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ARI@SF: Bochy on Zito's quality outing

SAN FRANCISCO -- Anybody wishing to discern the difference between the 2010 Giants and this year's club can begin by examining Barry Zito.

The Giants won the World Series two years ago with a self-described collection of castoffs and misfits who repeatedly played pressurized games described as "torture." By contrast, the current National League West champions consider themselves "fighters," as players such as Buster Posey and Angel Pagan have said, who form a team with character as opposed to a team of characters.

The two-year metamorphosis, which continued Thursday with San Francisco's 7-3 triumph over the Arizona Diamondbacks, is personified by Zito, whom AT&T Park fans once reviled but now embrace.

Winning has everything to do with the change in perception, of course. While finishing an 8-2 homestand, the Giants won their 10th consecutive game that Zito started. A six-run second inning, featuring two-run homers from Hunter Pence and Marco Scutaro, sustained Zito, who became the first Giants pitcher in 20 years to usher his team toward a similar double-digit streak. San Francisco won 11 in a row behind Bill Swift from April 6-June 27, 1992.

Outwardly, Zito (14-8) is largely the same pitcher who finished 43-61 in his first five years with San Francisco, which signed him to a seven-year, $126 million deal before the 2007 season. Though he has made some technical adjustments, his attitude is what has changed most significantly.

"It's a cliche, but it's just [a matter of] having fun," Zito said. "When you're having fun, it means you're loose and you're enjoying baseball and you're trying to create things."

Throughout his six-inning stint, Zito escaped jams that might have entrapped him in previous years. He yielded a triple to A.J. Pollock, the first batter he faced, before retiring the next three batters on six pitches without any of them hitting a ball out of the infield.

Zito lapsed in the fourth inning when he issued two-out walks to Arizona's seventh and eighth hitters, Cody Ransom and Jake Elmore. That set up pinch-hitter Chris Young's two-run single. On past occasions, however, this rally could have mushroomed into a meltdown that would have driven Zito from the game. Though Zito surrendered back-to-back doubles to Ransom and Elmore in the sixth, he concluded an eight-pitch showdown with pinch-hitter Wil Nieves by coaxing an inning-ending fly to center.

"It's been fun to watch how he's bounced back," Giants manager Bruce Bochy said of Zito. "I'm happy for him. He's been through a lot, but he's always been ready to go and determined."

Zito improved to 4-0 against Arizona and 8-2 against the NL West this season.

"We're not the only guys," Arizona manager Kirk Gibson said. "He's throwing the ball good. If you just look at the pitches he makes, he's got good deception, he puts his pitches where he wants them. He's come a long way from where he was a couple of years ago. I give the guy credit for sticking with it. I'm sure that Boch feels pretty good and secure that he'll do well for him in the playoffs."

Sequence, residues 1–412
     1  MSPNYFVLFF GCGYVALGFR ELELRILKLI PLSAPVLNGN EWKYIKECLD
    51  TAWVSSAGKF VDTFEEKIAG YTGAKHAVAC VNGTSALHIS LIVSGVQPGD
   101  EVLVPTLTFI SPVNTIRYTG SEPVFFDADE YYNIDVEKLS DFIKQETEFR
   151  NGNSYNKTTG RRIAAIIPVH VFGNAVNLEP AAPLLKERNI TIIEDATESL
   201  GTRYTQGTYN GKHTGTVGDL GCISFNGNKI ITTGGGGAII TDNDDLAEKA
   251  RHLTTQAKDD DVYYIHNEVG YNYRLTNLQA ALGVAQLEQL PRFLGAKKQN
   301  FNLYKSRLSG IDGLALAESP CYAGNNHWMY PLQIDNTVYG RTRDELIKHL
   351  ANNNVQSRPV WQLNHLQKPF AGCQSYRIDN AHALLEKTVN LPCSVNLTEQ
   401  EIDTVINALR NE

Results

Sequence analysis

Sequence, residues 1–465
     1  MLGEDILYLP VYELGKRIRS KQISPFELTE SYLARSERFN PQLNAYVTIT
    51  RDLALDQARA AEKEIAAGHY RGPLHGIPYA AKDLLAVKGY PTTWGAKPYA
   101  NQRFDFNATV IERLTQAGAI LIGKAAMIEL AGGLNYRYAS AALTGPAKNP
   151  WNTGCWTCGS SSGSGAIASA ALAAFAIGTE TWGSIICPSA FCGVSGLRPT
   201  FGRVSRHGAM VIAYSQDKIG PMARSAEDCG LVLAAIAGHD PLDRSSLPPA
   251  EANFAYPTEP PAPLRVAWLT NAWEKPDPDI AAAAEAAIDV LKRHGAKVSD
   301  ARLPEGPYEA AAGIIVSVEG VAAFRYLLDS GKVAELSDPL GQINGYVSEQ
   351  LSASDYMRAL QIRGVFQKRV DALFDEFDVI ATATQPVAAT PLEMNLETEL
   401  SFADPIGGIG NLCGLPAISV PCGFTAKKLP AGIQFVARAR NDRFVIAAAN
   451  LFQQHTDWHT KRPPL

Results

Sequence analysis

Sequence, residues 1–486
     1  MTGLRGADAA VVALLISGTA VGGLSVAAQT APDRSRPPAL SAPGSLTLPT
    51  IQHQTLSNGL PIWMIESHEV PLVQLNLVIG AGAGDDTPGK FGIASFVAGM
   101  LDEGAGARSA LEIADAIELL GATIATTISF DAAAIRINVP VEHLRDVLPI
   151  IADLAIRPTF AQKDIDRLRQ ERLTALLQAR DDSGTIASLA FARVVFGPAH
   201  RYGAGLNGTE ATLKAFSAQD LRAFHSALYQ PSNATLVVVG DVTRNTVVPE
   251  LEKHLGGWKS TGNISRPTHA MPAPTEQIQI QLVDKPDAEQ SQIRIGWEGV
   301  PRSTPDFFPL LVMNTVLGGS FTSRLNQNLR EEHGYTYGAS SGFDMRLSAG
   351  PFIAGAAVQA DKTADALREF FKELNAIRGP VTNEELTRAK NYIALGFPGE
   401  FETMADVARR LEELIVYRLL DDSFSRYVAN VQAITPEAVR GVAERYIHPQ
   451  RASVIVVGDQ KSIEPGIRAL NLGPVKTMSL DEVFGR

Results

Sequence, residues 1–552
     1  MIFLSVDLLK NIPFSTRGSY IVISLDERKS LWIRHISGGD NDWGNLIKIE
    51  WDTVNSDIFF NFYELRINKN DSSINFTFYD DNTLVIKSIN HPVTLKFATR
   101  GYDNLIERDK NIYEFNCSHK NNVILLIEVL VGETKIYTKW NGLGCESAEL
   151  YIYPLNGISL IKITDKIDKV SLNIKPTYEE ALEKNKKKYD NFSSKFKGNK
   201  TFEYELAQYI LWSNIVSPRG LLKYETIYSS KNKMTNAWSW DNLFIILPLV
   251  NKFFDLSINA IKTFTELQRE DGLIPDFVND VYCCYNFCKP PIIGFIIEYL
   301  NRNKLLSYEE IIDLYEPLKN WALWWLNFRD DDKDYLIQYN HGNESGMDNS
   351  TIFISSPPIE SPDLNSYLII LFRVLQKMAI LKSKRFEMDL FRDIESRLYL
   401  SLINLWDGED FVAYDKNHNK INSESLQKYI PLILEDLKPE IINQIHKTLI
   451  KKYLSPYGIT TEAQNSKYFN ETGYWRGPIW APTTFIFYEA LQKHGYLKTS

Bochy still wasn't ready to announce his postseason pitching plans and might not do so until the middle of next week. His praise for Zito -- "You have to like the way he's throwing" -- hinted that the 13-year veteran will be part of the Division Series rotation. Zito was left off the 25-man roster for all three postseason rounds in 2010.

But the Giants could face a tough decision if they face Cincinnati in the Division Series. Zito has compiled an 0-2 record with a 6.10 ERA in six career starts at Great American Ball Park, the Reds' home yard. The Giants' choices would include ignoring Zito's troubles in Cincinnati and using him there anyway; starting him in Game 2 at AT&T Park (Matt Cain or Madison Bumgarner almost surely will pitch Game 1); or assigning him to the bullpen for long-relief duty.

Zito insisted that he's not dwelling on clinching a postseason-rotation spot.

"I don't really know what it takes," he said.

Other Giants vied for postseason activity Thursday. Bochy started Brandon Belt in left field, Posey at first base and Hector Sanchez at catcher, which risked weakening the defense but potentially strengthened the batting order. All three Giants hit safely during the second-inning surge, and Sanchez hit his first career AT&T Park home run in the eighth inning.

But the overall results were inconclusive. Belt struggled with Jason Kubel's second-inning fly ball directly over his head -- a challenging play for any outfielder -- which fell for a double. Belt also might have had a chance to snare Elmore's sixth-inning double but couldn't quite catch up to it.

The defensive contrast was noticeable in the ninth inning, when Gregor Blanco, who substituted in left, made an exquisite sliding catch of pinch-hitter Adam Eaton's fly ball near the bullpen.

Bochy pointed out that Belt lacked the opportunity to practice fielding fly balls, since the Giants didn't take pregame batting practice. Belt, who started his third game of the season in left, admitted that he sees batted balls better in the outfield at night.

"My main [goal] during the day is finding some good sunglasses," Belt said.

You know a team is going well when finding the right pair of shades is a key performer's top concern.

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